Luomo ‎– Convivial



Have You Ever 8:03
Love You All 7:11
If I Can't 7:49
Nothing Goes Away 6:49
Robert's Reason 6:49
Slow Dying Places 8:52
Sleep Tonight 7:37
Gets Along Fine 8:09
Lonely Music Co. 5:28

Versions (7)

Cat# Artist Title (Format) Label Cat# Country Year
Huume Recordings 016, HUUME016CD Luomo Convivial(CD, Album) Huume, Huume Huume Recordings 016, HUUME016CD Europe 2008 Sell This Version
HUUME18 Luomo Convivial Instrumentals(9xFile, WAV) Huume HUUME18 UK & Europe 2008
CPD025 Luomo Convivial(CD, Album) Casa del Puente Discos CPD025 Argentina 2008 Sell This Version
si36cd Luomo Convivial(CD, Album) Sound Improvement si36cd Poland 2008 Sell This Version
HUUME16 Luomo Convivial(CD, Album, Promo, Car) Huume HUUME16 Germany 2008 Sell This Version
none Luomo Convivial (Instrumentals)(9xFile, FLAC, Album) Not On Label (Vladislav Delay Self-Released) none Finland 2013
none Luomo Convivial(9xFile, FLAC, Album) Not On Label (Vladislav Delay Self-Released) none Finland 2013


Reviews Show All 3 Reviews

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November 4, 2009
referencing Convivial, CD, Album, Huume Recordings 016, HUUME016CD

Luomo gets back on the right track with _Convival_, his fourth album, and the first to hearken back to the glory days of _Vocalcity_. Of course, the sultry vocals by Cassy Britton on "Have You Ever" don't hurt in the least. Apparat's Sascha Ring puts in his lyrical contribution to "Love You All," which combines his smooth indie-emo stylings with an electro groove for a surprisingly powerful effect. And on "If I Can't," Jake Shears from the Scissor Sisters puts his sexiness to the test with some mellow, mid-tempo house (even if the track goes on a bit too long). "Nothing Goes Away," however, seems like more of a throwback to _The Present Lover_, which isn't necessarily bad, though it isn't necessarily good either. Indeed, after the guest singers, the album's energy seems to lag a bit, and not even Robert Owens (on "Robert's Reason") can bring it back all the way. "Sleep Tonight" has a funky, wobbly sound that helps revive the proceedings, even as "Gets Along Fine" wanders a bit aimlessly. Still, a good number bright moments here, even as it plays catch-up to what remains the seminal _Vocalcity_.


January 7, 2009
referencing Convivial, CD, Album, Huume Recordings 016, HUUME016CD
Luomo's Convival presents nothing new for the genre of house music as it follows the same sort of beats and production styles used for tens of years. The melodic down-tempo house beat drums on with sultry and sumptuous effects applied to instruments and voices to give just the right amount of sensuality to the grooves. Even though the production and mix is on par, even skillfully done, there lacks any quality to really set this album apart from any other house music album released in the past 25 or so years

That said, I do feel the vast array of guests providing lyrics and vocals help the album. Guests include Cassy Britton, Sascha Ring, Jake Shears, Sue-C, Johanna Iivanainen, Robert Owens and Chubbs. I could take or leave the breathy and trembling female vocals (thanks, but I've heard it to death). What stands out to me appears on "Love You All" (track 2). Sascha Ring (aka. Apparat, a peer of Ellen Allien and BPitch Records) provides a beautiful and simple voice - masculine and plain in a Thom Yorke style - enough to set the track apart from "typical" house music.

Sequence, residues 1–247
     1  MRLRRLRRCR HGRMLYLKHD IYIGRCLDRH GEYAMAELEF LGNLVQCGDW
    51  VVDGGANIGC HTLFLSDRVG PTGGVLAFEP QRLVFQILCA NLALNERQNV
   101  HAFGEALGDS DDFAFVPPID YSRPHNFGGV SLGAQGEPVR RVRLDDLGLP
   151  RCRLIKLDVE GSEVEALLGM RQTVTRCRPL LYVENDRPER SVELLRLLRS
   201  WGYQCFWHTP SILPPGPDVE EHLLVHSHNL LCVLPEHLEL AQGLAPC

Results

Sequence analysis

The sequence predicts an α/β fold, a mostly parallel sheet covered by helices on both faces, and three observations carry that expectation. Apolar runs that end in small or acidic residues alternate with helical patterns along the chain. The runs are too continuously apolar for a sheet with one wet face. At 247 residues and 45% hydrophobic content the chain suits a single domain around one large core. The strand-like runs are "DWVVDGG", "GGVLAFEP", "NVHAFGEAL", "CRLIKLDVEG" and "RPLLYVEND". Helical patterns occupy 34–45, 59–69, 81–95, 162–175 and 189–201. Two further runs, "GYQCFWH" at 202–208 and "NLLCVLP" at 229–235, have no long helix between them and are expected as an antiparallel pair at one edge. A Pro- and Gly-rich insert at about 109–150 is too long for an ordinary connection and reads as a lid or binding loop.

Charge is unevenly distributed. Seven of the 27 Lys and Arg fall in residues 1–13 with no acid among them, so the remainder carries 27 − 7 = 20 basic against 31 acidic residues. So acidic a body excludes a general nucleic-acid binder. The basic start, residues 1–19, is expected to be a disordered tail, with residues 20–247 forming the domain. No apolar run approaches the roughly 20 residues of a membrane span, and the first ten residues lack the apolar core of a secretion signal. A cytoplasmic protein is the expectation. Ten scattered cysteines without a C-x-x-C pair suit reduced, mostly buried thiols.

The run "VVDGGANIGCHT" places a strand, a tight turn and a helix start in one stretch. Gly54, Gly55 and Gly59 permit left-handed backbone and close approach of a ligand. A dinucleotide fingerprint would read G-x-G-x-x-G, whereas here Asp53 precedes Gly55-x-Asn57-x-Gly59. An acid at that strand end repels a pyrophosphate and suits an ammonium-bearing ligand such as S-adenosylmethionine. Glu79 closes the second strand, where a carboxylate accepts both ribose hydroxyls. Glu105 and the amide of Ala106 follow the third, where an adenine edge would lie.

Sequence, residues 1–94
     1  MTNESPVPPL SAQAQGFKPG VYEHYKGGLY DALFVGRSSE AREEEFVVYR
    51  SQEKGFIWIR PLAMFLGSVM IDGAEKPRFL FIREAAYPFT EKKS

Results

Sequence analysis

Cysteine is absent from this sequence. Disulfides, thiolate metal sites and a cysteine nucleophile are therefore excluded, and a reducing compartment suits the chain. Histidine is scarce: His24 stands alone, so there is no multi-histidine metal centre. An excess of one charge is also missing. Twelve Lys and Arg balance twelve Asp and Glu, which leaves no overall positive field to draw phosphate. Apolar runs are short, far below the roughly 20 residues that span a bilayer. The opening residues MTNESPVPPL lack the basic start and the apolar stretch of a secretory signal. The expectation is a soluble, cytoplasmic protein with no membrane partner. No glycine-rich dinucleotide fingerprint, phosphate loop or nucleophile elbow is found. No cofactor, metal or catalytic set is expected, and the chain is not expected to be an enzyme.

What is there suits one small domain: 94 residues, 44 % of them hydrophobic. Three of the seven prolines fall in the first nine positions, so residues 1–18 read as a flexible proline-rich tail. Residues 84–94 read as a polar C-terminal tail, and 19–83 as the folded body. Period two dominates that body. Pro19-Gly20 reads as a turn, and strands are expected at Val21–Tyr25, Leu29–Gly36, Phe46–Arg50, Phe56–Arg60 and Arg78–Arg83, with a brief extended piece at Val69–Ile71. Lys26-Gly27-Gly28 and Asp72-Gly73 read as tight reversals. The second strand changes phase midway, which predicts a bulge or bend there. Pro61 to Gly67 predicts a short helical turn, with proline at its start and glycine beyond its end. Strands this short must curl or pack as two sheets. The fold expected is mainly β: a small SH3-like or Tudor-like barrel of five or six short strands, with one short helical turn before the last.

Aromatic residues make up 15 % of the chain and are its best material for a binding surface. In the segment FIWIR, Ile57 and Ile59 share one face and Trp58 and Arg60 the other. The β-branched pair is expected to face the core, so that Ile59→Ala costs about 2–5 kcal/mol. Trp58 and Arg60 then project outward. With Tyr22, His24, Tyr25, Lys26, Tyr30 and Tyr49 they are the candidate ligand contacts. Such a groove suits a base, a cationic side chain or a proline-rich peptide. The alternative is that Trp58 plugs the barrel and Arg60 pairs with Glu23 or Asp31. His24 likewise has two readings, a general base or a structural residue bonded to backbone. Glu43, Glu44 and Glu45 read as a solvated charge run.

January 2, 2009
referencing Convivial, CD, Album, Huume Recordings 016, HUUME016CD

Sasu Ripatti has constantly been under stress every time he changes style, particularly with regards to Luomo. Once Vladislav Delay was linked to Luomo and "Vocalcity", fans of Vladislav Delay couldn't believe he was capable producing such housey rubbish. When he came out with "The Present Lover", fans of "Vocalcity" felt he had gone too pop-like. When he came out with "Paper Tigers", fans of the previous two albums became even more lost. So "Convivial", with its great likeness to "Paper Tigers" and its array of guest stars, won't win anyone back to the fold. In fact, it might just lose even the most ardent Luomo/Ripatti fans. "Convivial" highlights that exuding sensuality - regardless of the level of subtlety (and on "Paper Tiger", it certainly was not subtle) - is what makes it all Luomo; it does that by bearing no such qualities. Although it remains danceable, the sound has lost most of the soul that characterised previous Luomo works. That said, in instrumental form (available from the Huume website), this album would work brilliantly as an Uusitalo album, as the more cold mechanistic nature of the production lends itself better to being associated with that moniker.

As much as I hate to agree with Andy Kellman about anything, he might have been right when he said back when "Paper Tigers" came out that it was time to put Luomo to rest.